I can only speak on U.S. things (I never spent enough time in NZ to have a confident grasp, I will say that I was treated like shit in NZ though). 

In the U.S., for recording purposes, Polynesians are typically lumped in with the ever-infuriating “API” moniker. If we’re lucky, there will be a box that says “Native Alaskan/Native Hawaiian or Pacific Islander”, but that, in my experience has been pretty infrequent and also a ridiculous catch all in it’s own ways. 

In the places with high concentrations of Samoans and Tongans in the U.S., the incarceration, health, wage, and education disparities are similar to those of black folks and native folks. Samoans, like every other ethnic group, have a range of phenotypical characteristics - making us racially ambiguous and mistaken (or not, depending) for latino or black (at least within U.S. racial constructs). These come with the corresponding racist bullshit.

I have never called myself black because I think that the black american experience, as it was explained to me, was never my experience. I know that the black american experience is vast, and also that not all black folks in the U.S. are American, but it was all so complicated so I just called myself Samoan. When I was a kid, it was different. I lived in a predominantly black neighborhood and went to predominantly black schools. My classmates always called me black and asked why my mom let me get a weave when I was so young (my hair was to my waist at least). I really didn’t know what the fuck they were talking about, and spent lots of time letting people look at my hair? lol I was hypersexualized and abused, people would cut my braids off in class, tell me that I should stay out of the sun so I didn’t get any darker, and ask 5 million probing questions about my heritage, no one ever asked me what I wanted to be when I grew up and sometimes they just assumed I didn’t speak English, but everyone did take the time to tell me that I was going to be a heartbreaker when the time came (which was painfully soon). Because I have a different understanding of race now, I think the time for me to ID as black just passed lol. If people ID me that way, depending on context, I wouldn’t be mad. But it’s too complicated for me to come up with a definitive answer for myself or anyone else. So I just let people think what they want to think unless I need to name myself for some reason.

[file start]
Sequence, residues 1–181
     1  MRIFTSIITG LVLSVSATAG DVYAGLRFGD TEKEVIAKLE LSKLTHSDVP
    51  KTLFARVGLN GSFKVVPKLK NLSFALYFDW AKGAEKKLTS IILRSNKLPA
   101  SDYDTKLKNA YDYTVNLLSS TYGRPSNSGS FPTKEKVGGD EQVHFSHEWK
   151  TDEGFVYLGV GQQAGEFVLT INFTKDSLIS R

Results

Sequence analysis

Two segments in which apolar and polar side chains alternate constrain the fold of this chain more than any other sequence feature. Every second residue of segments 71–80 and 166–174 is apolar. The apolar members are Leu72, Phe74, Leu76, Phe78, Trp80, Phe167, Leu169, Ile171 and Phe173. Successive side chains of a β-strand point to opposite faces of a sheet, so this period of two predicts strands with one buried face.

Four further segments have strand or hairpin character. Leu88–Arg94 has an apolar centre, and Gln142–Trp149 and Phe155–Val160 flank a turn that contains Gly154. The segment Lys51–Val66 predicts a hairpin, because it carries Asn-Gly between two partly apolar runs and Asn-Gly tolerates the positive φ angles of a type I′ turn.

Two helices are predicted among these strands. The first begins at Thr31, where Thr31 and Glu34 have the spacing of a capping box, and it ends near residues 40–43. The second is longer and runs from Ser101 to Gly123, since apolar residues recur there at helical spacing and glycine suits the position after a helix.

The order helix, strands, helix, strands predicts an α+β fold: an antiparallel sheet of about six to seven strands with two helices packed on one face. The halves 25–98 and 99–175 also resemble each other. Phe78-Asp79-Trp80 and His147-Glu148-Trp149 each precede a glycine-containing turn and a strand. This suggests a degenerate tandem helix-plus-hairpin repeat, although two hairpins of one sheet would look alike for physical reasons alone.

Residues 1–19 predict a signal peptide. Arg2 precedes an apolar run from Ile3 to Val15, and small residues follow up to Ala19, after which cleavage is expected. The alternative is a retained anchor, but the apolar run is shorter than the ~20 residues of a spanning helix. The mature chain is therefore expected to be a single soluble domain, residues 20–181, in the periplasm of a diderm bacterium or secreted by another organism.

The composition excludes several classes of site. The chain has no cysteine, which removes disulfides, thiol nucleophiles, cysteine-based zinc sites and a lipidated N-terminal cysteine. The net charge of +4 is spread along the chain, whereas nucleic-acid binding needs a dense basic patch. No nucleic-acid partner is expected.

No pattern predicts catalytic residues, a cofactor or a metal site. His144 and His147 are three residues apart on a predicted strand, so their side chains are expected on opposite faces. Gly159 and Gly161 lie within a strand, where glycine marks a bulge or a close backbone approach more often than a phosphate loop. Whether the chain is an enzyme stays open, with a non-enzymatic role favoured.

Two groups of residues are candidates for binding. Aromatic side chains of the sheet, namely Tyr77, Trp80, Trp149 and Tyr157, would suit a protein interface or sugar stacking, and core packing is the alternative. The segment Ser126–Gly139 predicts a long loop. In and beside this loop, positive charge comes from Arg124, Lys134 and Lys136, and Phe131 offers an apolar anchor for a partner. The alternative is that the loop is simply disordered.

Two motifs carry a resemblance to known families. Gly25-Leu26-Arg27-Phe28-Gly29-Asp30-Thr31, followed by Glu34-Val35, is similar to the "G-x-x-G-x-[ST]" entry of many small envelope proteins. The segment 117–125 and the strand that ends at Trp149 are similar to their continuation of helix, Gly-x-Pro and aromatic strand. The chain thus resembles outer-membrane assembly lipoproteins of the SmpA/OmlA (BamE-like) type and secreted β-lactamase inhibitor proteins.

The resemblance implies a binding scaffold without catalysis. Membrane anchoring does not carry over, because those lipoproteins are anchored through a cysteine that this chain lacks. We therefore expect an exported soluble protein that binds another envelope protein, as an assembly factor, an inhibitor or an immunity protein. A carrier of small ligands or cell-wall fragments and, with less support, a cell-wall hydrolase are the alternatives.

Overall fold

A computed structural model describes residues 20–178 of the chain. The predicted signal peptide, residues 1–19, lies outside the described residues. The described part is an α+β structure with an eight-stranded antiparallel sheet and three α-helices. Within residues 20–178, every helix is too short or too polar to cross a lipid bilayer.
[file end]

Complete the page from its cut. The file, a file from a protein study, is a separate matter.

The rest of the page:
If, within the context of international considerations, I am considered black, then I have no problem with that. But because of how and where I was raised, Samoans I knew didn’t talk about being black, we talked about being Samoan or Afakasi or Tongan. Maybe it’s a Samoan American diaspora thing, but I’m really not sure. 

I will say that it is painful, when even in radical organizing spaces, people start talking about women of color and they say “We are Black, Latina and Asian women coming together, etc and so on” and I’m just chilling in the back like………….cool. I don’t know if it’s an affront to indigenous women, but I do think it’s fucking stupid that we leave out the native women from places that the U.S. most domineeringly colonized. (And also I know that indigeneity is cross-racial, here I’m specifically talking about U.S. native folks and Polynesian native folks)

Idk if I should just be reading myself into efforts between communities of color? Should I have to do that? Does that mean I’m black w/in U.S. considerations of black since I’m def. not Asian or Latina? Why do I have to play the elimination game like I’m taking a fucking multiple choice test or some shit? 

Wow, I think we need a support group for confused Polynesians. lol
Sorry I have no answers, just a patchwork of experiences. 

thank u sooooo much for this. a confused polynesian support group sounds amazing lmao. i think as a mixed race samoan-australian bb raised by white ppl with pretty much zero poc friends, indigenous australians (who ID as black/strongly identify with blackness) had a huge impact on my early comprehension of my racial identity. 

because they have always ID’d me as indigenous and black. and as a culturally impoverished mixed race samoan child, indigenous cultures made sense to me + made me feel safe + felt like home.

so i thought, 'if ppl that look like me that have a similar culture to what little i know of my culture, who identify as black, who identify me as black - then perhaps samoans are just like indigenous australians and are black too?'

also this is just my experience but i’m pretty sure islanders here and in NZ identify with blackness pretty strongly? yeah pretty much all the polynesians i’ve met have ID’d as black or casually/flippantly used the word black to describe themselves. also many polynesians living within the NZ/AUS disapora identify with african american mainstream culture and perhaps that is a large contributor to polynesians in these diasporas ID’ing as black. 

also throughout primary school + high school (and obviously beyond that) people always asked if i was different things - latina, aboriginal, black, “some kind of asian” etc. racial slurs have always been varied but the main ones always assumed blackness/indigeneity 

anyway all of that has contributed to my immense confusion but i think you, and others - s/o to tab, safy and po who i also berated with questions despite not being polynesian, thanks mates - have helped me reach a point where i can see that i don’t actually ID as black (i’ve just had lots of people tell me i am).

thank you amazing ppl of colour around me helping me figure my shit out, especially thank you tricia for your response, i am blessed